Not ondowed with boauty of person,
ho was gifted with so loveable a
character that he on rj oared all who
met him to him in a manner almost
magnetiosl and fanatical, "To
know him was to lovo him." His
manly traits and indomitablo
undor difficulties that would
havo crushed men of smaller geuius
won for him tho esteem aud respect
of thosp who could not agree with
his political opinions. Ho was tho
prophet and leader of tho poor and
by thorn will his memory and labors
ho especially cherished.
In tho S. I Gall of October 30,
ox-Senator Patrick J. Murphy, one
of his earliest and closest friends,
assouiateb and pupils, payu au interesting
and fitting tribute to his
ANOTHER ANNEXATION JJIE.
Who wai tho author of this onel
Tho Boston Transcript aud othor
oastorn papers ooutain the following:
ANTI ANNEXATION MEKTINO A FAILURE.
Honolulu, Oct. 12, via San
Ool. 20. Tho maBs mooting of
Ilawaiians to protest against annexation
was a flzzlo. Though tho
crowd numbered fully 1500, tho
greater part left as soon a the
speakers bogan to deal with figures,
Tho spoakors wero the heads of tho
native societies and J. O. Carter, n
whito man, tho former cabinet officer
uudor tho ox quoou. Tho Portuguese
committee called on Senator Morgan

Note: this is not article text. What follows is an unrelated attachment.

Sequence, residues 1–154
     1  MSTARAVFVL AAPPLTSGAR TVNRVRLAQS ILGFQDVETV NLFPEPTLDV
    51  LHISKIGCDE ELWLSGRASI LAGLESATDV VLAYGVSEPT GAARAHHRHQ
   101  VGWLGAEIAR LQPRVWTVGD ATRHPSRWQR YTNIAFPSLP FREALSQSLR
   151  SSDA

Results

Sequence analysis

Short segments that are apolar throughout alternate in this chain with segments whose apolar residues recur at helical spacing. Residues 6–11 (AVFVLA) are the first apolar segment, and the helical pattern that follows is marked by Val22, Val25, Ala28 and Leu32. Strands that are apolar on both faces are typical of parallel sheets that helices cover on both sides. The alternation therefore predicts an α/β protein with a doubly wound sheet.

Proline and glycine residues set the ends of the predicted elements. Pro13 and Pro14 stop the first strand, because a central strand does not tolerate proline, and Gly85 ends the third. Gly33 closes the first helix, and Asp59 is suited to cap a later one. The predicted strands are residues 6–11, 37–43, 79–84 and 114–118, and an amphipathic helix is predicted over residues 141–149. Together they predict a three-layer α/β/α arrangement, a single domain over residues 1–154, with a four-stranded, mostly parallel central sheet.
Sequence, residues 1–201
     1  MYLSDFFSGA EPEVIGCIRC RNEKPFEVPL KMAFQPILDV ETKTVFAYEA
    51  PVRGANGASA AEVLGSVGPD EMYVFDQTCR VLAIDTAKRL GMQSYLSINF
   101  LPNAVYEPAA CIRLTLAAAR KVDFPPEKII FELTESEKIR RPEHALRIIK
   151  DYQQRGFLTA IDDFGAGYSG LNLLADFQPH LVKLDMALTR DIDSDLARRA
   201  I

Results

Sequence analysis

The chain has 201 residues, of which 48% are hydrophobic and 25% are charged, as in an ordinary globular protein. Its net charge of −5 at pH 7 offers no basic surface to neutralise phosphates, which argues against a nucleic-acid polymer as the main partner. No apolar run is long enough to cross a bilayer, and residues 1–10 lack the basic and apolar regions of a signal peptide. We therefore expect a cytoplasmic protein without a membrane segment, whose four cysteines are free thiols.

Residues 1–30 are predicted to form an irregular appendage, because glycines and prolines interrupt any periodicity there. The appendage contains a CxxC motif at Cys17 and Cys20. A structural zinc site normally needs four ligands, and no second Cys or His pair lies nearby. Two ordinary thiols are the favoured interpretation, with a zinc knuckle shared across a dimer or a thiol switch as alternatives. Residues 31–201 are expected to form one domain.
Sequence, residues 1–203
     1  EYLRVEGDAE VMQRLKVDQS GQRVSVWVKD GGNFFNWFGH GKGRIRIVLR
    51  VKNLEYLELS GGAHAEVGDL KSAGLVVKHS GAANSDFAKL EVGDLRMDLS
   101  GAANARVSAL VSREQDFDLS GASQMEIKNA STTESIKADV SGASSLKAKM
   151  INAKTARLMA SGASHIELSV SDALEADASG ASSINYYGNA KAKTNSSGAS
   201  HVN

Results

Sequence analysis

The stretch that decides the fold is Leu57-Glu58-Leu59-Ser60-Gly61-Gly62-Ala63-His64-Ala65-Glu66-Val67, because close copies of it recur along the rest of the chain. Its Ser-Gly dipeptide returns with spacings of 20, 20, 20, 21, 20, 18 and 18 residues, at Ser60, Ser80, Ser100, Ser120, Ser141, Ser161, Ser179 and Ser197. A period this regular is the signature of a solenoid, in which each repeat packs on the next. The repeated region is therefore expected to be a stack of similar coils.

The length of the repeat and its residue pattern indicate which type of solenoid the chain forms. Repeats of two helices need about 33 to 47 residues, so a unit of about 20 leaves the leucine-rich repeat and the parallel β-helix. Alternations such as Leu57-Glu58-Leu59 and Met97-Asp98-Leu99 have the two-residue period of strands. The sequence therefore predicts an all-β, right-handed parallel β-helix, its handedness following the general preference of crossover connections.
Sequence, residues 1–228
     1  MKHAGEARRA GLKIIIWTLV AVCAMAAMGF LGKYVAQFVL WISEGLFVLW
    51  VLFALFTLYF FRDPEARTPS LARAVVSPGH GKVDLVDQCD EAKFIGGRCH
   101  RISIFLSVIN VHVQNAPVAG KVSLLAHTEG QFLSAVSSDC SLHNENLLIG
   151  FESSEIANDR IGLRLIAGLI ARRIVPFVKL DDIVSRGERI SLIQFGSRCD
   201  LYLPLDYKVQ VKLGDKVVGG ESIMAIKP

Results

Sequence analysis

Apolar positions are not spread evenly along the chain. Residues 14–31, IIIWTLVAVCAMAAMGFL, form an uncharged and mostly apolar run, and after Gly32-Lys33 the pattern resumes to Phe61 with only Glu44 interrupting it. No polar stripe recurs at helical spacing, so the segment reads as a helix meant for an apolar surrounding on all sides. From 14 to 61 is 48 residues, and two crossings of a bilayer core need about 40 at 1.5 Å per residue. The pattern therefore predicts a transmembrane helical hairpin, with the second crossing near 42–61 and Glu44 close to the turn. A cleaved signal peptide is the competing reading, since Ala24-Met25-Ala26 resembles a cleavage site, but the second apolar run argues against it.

and assured him of the stroDg
dosiro of tholr couutrymou fur
The meeting alluded to was tho
largest and most outhusiastin over
held in Hawaii, Palace Square was
filled as novor boforo. Mr. Carlor
never was a cabinet officer under
King or Queen. Tho crowd increased
from tho timo tho meeting opened
to its close. Try again.
Doath. of Aldrich.
Wm. H. Aldrich, for many years a
wall-known citizen of Honolulu,
died in San Francisco on tho 23d of
last month. The causo of doath was
Aldrich was born here 40 years
ago, and was a son pf W. H. Aldrich,
who at ono timo was a partnor in tho
banking house of C. R. Bishop and
who amassed considerable wealth.
Poor old "Billy" was one of the
"boys" who had many friends when
ho was'flush" and a few whon ho
was a "broker." Years ago ho inaugurated
the Honolulu Rifles
through his cousin, Governor
and was tho first oaptain of that
celebrated organization. H was
ongaged in business horo but was
not successful. His liborality aud
"big" heart did not agreo with tho
cold calculations of Hawaii's
nion and ho finally loft for California.
Thore ho tried to test tho
validity of his father's will undor
which ono fourth of tho ostate
valued 51,000,000 vas placod in
trust for him. He abandoned tho
attempt, and his share of the vast
properly will now go unconditionally
to his four young children, now residing
in Honolulu with their
mother, Mrs, Minnie Aldrich, oldest
daughter of tho late Captain John
tm m mi
The first regular standing army
was established in Egypt about 3800